This is a web-news-video-article thing about “noise” music and a recent show that we (Dodecazurvan) played at the unfortunately soon-closing Bela Dubby along w/ the legendary Robert Turman and police-stunted-yet-still-formidable Fat Worm of Error. While the article is well put together, the editing is nice, and it generally communicates some of what is going on—there is something missing.
This missing is first seen in the title of the piece, “‘Noise’ is Music That Requires Earplugs.” Before moving forward, all music should require earplugs if you wish to avoid hearing loss later in life. I’d imagine that a teenager going to the latest arena tween show is more at risk for hearing loss than someone enjoying small venue soundscapes. Hearing loss is a serious issue and anyone serious about music should carry (and use when needed) earplugs. More on this on the WIkipedia page for noise-induced hearing loss (and yes, this is a different kind of “noise”). It could be argued (won’t be anymore here) that the average teenager damages their hearing far more than a “noise” fan or musician.
Further onto the tagline, “You could do anything and still get applause.” This sets a condescending tone and implies that “noise” music is somehow not real music, not a real effort, nor worthy of applause, since “hey, anything could get applause.” This neglects the fact that much non-traditional music is more obviously an artistic and personal construct than the latest Top 40 hit. Applause at non-traditional shows is applause not only for the performance and artists themselves, but for the DIY spirit and the huge amount of effort that bands and artists put into this. Sets are not haphazard, random assortments of noisy sounds (and even when they are, they aren’t) but quite the opposite—an infinite pallet holding swatches of time/space and each carefully attended to by the musicians and artists. This is music by people who are passionate about what they do. This is an inarguable, raw passion that means music is made, records are put out, shows are promoted, and all this goes on for just a small group of likeminds who find something transcendental in the scene they elect to be a part of.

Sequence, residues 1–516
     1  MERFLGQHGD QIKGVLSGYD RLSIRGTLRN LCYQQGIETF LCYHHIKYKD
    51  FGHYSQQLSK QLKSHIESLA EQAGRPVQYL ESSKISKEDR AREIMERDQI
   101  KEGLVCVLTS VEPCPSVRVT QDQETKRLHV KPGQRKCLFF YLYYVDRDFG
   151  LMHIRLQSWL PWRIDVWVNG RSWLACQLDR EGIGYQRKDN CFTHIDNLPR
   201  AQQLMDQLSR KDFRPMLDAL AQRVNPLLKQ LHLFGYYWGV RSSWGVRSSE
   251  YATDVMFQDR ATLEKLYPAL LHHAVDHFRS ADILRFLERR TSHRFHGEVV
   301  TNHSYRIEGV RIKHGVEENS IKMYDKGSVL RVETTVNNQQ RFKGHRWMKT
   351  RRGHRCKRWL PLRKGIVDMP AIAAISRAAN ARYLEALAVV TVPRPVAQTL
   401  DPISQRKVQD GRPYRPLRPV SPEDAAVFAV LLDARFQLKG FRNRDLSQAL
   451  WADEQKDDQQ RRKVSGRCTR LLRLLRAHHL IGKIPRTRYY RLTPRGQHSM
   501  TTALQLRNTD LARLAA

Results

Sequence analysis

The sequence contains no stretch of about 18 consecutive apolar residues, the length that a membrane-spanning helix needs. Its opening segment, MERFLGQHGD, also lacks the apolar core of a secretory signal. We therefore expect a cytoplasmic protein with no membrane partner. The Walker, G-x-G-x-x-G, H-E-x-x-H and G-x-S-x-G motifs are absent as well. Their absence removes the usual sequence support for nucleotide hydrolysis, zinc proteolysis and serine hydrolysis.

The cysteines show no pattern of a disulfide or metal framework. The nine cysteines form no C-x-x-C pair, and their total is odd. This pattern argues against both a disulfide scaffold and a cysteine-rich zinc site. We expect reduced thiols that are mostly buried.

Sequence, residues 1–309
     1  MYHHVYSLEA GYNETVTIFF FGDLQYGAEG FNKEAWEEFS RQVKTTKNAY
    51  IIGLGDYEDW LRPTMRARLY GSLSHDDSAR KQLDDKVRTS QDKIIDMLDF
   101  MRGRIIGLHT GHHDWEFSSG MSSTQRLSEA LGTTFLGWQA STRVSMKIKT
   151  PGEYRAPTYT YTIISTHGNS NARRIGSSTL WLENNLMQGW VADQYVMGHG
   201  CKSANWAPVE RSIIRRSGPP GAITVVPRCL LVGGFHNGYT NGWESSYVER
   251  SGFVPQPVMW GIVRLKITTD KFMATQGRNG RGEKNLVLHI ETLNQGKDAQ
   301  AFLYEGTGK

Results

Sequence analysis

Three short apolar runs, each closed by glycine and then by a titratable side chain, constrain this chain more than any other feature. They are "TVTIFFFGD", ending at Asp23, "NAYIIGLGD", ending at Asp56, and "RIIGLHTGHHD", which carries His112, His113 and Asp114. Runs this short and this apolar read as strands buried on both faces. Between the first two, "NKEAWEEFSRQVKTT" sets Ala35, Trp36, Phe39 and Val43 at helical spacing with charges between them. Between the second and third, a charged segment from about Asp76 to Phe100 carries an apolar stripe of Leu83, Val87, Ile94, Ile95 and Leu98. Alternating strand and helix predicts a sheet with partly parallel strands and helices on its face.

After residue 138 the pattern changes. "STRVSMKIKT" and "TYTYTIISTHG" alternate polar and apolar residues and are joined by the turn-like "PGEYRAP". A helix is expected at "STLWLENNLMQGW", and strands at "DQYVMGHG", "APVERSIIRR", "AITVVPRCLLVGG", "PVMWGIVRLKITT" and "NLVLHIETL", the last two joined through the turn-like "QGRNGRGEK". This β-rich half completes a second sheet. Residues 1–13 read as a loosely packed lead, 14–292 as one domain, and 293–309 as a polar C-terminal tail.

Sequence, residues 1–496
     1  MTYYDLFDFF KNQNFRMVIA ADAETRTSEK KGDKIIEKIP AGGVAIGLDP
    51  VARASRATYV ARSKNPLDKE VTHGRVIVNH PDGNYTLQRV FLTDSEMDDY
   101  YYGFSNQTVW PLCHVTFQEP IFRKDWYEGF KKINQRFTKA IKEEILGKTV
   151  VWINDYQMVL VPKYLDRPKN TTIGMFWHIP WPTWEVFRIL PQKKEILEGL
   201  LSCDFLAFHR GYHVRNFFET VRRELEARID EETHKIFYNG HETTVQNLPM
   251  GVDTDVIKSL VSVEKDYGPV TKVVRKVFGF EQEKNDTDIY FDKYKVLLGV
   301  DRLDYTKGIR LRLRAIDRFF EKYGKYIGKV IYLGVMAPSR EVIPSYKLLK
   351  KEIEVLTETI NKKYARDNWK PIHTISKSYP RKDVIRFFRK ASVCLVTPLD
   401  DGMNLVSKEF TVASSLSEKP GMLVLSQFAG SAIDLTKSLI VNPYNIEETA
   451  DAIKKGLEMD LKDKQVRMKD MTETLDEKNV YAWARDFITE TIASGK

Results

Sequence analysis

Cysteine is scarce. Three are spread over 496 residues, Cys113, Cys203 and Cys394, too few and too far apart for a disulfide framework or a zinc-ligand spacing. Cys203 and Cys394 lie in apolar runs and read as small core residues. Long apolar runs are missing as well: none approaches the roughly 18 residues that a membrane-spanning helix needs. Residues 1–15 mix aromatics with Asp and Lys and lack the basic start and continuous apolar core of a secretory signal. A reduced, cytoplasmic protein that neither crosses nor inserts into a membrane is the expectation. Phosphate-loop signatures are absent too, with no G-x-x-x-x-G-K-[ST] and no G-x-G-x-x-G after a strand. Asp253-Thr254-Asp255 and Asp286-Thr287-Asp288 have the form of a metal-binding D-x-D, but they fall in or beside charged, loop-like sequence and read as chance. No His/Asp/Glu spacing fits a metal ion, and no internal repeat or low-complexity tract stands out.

The tone of the article allows Mr. McEwan to keep a distance from less-traditional musics (or “noise” as Mr. McEwan seeks to encompass things). It allows Mr. McEwan and the Lakewood Patch to view non-traditional musics as abrasive and amateurish and thus dismiss these musics as a “trend” for hipsters to “flock to.” To those of us deeply involved in this nameless scene, this strikes as offensive and clearly off-point.
The problem here is that Mr. McEwan isn’t trying to overtly deride the non-traditional music scene in Northeast Ohio, I believe he actually enjoyed the show and found it new/exciting. For lack of a better umbrella Mr. McEwan chooses “noise,” a vague term that barely begins to do justice to the wealth of sonic exploration that takes place at events like these every night all over the world. This is another point completely, terms like “noise” and “experimental” are the new “avant-garde.” Sounds are either so new or specialized that traditional, familiar genres defy and we default to the closest emcompasser. This is not necessarily a bad thing. Many fans will use these vague terms to connect and identify and can thus sort out the endless genre stratification on a personal (often intuitive, languageless) basis. That sorting is more difficult for someone like Mr. McEwan so we can’t blame him when he says “noise” or that “noise is loud.” Or maybe we can.
It wouldn’t be a false statement if Mr. McEwan visited the Bela Dubby on a night when harsh noise bands were playing. Harsh noise being the furthest extreme of sonic maximalism, where speakers are assaulted at full volume. That music is easy to call noise and easy to call loud. The show that Mr. McEwan visited was a show that featured no “harsh noise” and began w/ a fairly ambient, restrained set and followed with beautiful sound sculpture from Turman. Fat Worm rounded out the night with an epileptic interpretation of the traditional rock band structure, yet still even they were not quite the “noise” that Mr. McEwan describes. Sure the night got loud, but it was also awfully quiet at times and this leads me to wonder if Mr. McEwan was listening. If he was he would have heard a small sampling of the eclectic worldwide community and sounds and musics produced by this community. This is a place where genres become arbitrary signifiers, able to be latched upon when necessary, yet also easily disposable in the pursuit of art, expression, and just taking part in the generation of really cool, completely new sounds.